Game Seven of the 2004 ALCS was one of the most emotional events of my life.

Even though it was over by the second inning. Even though we were fated to be handpicked by the Gods and dipped in awesome that fateful season, it was inning after inning of hold your breath, drink your beer, swat at the walls and don’t mention the past.

Because to that point, all I’d known was that when everything was on the line, we couldn’t beat the Yankees.

I was too young to recall 1978. But I remembered the train wreck that was the 1999 ALCS. And, of course, the sight of Timmy Wakefield walking slump-shouldered off the mound as all of New York erupted around him just one year earlier.

But then, here we were. Stuffing them in the locker. Swiping their lunch money. Silencing their bats and their fans and their announcers. At long last, we were the ones smiling and jumping and smashing beer cans against our heads as the final outs were made.

It was odd and uncharted territory. Watching the game with Denton, I didn’t quite know whether to laugh or cry, shit or wind my watch, drive the hookers home or ask them to gather six of their friends.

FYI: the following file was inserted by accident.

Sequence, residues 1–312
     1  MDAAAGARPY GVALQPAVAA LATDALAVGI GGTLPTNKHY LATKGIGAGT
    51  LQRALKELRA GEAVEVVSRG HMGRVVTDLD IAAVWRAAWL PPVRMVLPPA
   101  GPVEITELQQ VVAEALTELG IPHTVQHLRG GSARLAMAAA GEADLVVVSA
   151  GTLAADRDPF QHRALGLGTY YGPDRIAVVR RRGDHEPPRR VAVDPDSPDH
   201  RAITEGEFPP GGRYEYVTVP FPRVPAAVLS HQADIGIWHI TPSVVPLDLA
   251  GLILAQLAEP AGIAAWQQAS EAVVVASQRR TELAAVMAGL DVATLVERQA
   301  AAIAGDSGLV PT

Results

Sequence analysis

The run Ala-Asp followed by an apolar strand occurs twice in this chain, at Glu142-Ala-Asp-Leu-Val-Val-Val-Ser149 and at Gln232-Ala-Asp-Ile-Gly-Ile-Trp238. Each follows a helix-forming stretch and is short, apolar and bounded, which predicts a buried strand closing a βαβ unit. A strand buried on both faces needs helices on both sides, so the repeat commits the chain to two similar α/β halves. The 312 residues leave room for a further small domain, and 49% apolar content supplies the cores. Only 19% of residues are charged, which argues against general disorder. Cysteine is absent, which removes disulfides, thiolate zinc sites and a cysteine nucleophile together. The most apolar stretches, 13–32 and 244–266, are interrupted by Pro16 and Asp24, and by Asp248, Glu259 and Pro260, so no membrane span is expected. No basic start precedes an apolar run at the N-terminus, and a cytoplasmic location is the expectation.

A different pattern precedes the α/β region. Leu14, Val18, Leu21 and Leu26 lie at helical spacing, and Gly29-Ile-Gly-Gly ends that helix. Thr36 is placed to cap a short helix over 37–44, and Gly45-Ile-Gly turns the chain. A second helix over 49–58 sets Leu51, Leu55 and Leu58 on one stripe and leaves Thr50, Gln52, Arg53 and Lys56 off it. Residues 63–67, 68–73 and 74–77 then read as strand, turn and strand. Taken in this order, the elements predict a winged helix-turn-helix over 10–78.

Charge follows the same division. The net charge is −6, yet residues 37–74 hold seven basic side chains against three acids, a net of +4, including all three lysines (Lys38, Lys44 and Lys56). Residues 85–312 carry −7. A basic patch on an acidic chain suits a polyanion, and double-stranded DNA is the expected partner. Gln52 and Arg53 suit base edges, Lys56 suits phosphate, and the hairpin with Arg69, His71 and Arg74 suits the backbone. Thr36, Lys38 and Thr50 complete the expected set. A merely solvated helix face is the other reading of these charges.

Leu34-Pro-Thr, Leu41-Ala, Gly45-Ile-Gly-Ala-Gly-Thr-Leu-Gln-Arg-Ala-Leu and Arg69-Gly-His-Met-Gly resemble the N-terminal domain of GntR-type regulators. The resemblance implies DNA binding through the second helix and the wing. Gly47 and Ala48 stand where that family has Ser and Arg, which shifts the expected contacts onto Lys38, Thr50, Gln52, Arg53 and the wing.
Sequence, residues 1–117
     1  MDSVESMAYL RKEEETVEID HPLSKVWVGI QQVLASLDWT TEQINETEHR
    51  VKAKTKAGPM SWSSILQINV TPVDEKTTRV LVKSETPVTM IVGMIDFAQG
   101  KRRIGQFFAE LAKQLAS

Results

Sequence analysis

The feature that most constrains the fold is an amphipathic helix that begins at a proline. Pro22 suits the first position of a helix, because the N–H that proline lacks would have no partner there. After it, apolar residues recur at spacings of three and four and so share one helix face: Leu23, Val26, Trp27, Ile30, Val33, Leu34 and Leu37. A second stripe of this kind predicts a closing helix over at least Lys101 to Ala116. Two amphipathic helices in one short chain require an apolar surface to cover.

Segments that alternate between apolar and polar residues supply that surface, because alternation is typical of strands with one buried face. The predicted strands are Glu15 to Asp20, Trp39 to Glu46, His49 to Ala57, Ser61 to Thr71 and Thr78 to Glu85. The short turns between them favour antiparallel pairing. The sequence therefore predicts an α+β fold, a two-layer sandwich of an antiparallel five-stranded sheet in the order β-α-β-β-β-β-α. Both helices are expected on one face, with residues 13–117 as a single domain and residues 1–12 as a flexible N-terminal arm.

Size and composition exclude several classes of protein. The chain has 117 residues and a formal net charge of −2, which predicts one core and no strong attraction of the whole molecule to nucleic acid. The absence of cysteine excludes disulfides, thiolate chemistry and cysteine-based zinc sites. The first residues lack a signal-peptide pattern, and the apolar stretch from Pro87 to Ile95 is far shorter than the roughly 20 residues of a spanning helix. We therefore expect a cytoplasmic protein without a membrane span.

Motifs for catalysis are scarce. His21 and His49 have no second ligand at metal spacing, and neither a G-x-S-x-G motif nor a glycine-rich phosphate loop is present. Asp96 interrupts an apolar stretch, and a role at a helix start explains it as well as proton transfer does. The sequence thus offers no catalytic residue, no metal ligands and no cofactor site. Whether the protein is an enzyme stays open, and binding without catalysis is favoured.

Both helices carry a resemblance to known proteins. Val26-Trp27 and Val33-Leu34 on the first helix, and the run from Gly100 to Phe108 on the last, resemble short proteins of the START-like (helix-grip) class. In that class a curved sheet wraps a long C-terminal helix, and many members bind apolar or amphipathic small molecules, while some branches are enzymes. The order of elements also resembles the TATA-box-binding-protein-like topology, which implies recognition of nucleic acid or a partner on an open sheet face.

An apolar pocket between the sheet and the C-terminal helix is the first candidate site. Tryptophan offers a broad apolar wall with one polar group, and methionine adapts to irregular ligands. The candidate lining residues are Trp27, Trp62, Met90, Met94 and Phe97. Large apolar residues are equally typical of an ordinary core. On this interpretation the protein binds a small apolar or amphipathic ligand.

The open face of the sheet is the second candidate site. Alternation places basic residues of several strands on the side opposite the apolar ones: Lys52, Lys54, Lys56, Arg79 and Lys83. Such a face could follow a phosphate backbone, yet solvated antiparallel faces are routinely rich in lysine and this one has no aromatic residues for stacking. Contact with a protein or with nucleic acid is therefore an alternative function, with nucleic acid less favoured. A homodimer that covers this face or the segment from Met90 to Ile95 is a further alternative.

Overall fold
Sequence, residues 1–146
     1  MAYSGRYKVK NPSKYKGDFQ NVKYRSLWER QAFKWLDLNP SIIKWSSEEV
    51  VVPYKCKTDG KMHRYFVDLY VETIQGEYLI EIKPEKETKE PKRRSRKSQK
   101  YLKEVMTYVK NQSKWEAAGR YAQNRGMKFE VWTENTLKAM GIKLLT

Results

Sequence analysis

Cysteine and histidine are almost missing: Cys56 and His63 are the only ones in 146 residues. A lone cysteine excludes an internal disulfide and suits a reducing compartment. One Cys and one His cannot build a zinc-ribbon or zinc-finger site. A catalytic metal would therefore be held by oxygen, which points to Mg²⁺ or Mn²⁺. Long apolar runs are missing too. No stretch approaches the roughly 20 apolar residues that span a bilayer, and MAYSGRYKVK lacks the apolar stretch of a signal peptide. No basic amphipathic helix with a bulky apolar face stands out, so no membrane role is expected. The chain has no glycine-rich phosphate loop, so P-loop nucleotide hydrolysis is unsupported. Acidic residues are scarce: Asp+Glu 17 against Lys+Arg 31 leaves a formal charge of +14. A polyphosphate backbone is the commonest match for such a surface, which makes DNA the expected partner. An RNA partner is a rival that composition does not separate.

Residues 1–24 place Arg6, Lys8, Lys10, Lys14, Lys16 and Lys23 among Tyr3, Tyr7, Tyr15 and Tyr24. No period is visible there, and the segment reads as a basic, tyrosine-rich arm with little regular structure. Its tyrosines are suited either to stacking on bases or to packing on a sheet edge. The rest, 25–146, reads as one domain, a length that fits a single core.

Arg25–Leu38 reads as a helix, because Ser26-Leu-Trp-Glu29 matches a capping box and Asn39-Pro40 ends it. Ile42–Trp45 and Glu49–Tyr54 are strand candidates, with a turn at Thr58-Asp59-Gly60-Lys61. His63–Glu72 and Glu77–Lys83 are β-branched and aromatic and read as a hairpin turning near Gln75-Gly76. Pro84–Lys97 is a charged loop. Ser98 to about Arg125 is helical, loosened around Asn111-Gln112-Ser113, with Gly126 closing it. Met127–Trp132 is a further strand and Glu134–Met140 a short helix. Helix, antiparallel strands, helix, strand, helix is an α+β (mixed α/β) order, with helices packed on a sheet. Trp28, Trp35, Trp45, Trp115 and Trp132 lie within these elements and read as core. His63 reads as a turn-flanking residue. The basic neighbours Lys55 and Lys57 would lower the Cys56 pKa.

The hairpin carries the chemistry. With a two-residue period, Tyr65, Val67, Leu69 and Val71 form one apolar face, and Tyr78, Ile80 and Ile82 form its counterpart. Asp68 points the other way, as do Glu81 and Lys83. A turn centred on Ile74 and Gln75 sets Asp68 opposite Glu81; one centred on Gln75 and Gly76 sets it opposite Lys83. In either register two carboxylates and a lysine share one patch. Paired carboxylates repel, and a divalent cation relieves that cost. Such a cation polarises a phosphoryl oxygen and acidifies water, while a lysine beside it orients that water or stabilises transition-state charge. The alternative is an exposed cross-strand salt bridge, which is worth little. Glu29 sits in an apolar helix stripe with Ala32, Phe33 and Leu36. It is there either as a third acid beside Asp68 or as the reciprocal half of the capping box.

Those first couple innings are like a favorite movie I can watch any time, any place, anywhere. We came out of the gate like gangbusters with a couple hits and a Papi home run in the first. Then D-Lowe shut ’em down, 1-2-3. Then we were at it again, with a Millar single and walks to Mueller and OC, followed by a Johnny Damon grand slam. Somewhere in the blur we had a home run from Bellhorn, another from Damon, and a bizarre Pedro Martinez cameo. The Sox unleashed 13 hits. The Yankees could only muster 5.

But I never relaxed, never sat down, never raised my hands in victory until that final out. I mean, how could it happen? A few days earlier, we were toast, teetering on the edge, about to go down like Chelsea whores against our bitter rivals without any semblance of a fight.

Then there was The Steal. And suddenly they were James Caan, tied to the bed and begging us to end the torment, and we were Kathy Bates (only, of course, slightly hotter), looming ominously with sledgehammer in hand, ready to do God’s work. When it was finally over, when Ruben Sierra tapped that Alan Embree offering ever-so-gently to Pokey Reese, I just collapsed on the couch, beer and adrenaline coursing through my veins. The World Series, though unstoppably awesome in its own right, was almost anti-climactic in the wake of this. Because it was the mirror-image version of the 2003 season-ender; the perfect revenge fantasy as if scripted to the letter.

Here’s what I wrote at the time. Also worth checking are the comments from that fateful night, with Sox fans chiming in from all over the world.

It’s been five years and somehow, it still feels like yesterday.

And it was simply f@#king brilliant.